“People are going to make comparisons with the art,” he continues. “Everyone’s going to expect thrash metal or some earbending dissonance from one of the Chapman brothers, but that’s too easy. That’s what I’d imagine artists would make. For me, it was always important to make music. I don’t want to punish people, y’know, ‘Ooh look, isn’t this irritating?’ I don’t want any special dispensation just because I’m an artist.”

The 13-track record, released by The Vinyl Factory, has the perturbing Chapman aesthetic running through droning bass-lines and set off against unexpected, melodic high notes. Opener “So It Goes” and the title track are housey throwbacks spliced with explosive sounds of ammunition, while “Reaktorsnuhsnuh” has a disconcertingly saccharine feel. “Smeyes” – a Tyra Banks reference, yes – demonstrates some pared-down minimalism, while closer “Alltid” evokes a landscape of epic proportions. “That track makes me laugh,” he says. “It’s like a couple of tired old cowboys creeping across a desert.”

Chapman’s music resembles sculpture. Taking “bits” built from sounds constructed on his preferred software, Ableton Live, he pieces tracks together during late-night stints in the studio in Kent and in the basement of his London home. “The thing I’m most interested in is evoking a sense of place. An atmosphere. The bass is like rolling thunder and then there’s these funny little things in the foreground doing whatever it is they do. The one-fingered piano bits I envision as some kind of demented child stabbing the keys in a horror film.”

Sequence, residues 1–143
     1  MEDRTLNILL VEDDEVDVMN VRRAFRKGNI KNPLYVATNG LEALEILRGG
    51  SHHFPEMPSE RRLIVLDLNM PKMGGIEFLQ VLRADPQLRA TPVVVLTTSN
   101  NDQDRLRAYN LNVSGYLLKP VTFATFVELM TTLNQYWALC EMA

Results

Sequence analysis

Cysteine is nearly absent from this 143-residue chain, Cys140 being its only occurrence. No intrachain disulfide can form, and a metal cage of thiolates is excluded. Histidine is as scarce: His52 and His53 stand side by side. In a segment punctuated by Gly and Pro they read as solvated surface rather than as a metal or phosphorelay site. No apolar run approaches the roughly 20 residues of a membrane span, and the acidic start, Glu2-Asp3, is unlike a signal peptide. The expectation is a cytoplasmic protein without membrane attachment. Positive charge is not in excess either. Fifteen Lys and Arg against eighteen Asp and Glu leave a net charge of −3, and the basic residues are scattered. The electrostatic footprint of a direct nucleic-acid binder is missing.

Although the horror aesthetic is present, Luftbobler is still, as its creator says, music in the truest sense. While its inception might be unorthodox, the result has appeal far beyond the art world.

“I had 15 hours of stuff. And when The Vinyl Factory first approached me I was initially thinking about putting the whole lot on vinyl and saying, ‘I’m not going to do any editing to this.’ Of course, at this point I still thought it was all an elaborate joke. But when I realised that it was being taken seriously I decided to go back and rework a lot of it. It was a really slow and quite painful process getting it all down to 13 tracks.”

And the title? You might assume it’s the name of a German aircraft, a nod to the brutalist aesthetic of 80s synth music, but you’d be wrong.

“We went to Norway last February and I bought the equivalent of an Aero. It was called ‘Luftbobler’ and I thought it was such a funny word. It’s very evocative but you can’t imagine what it is. I mean, people think it’s German or Danish. I just liked it because it sounded ethereal.”

With that, Chapman is summoned outside to wrap the shoot. The fire alarm sounds on account of the smoke machine installed in the hallway and Chapman turns as he walks back down the corridor. “I should probably sample that,” he says, looking up pensively.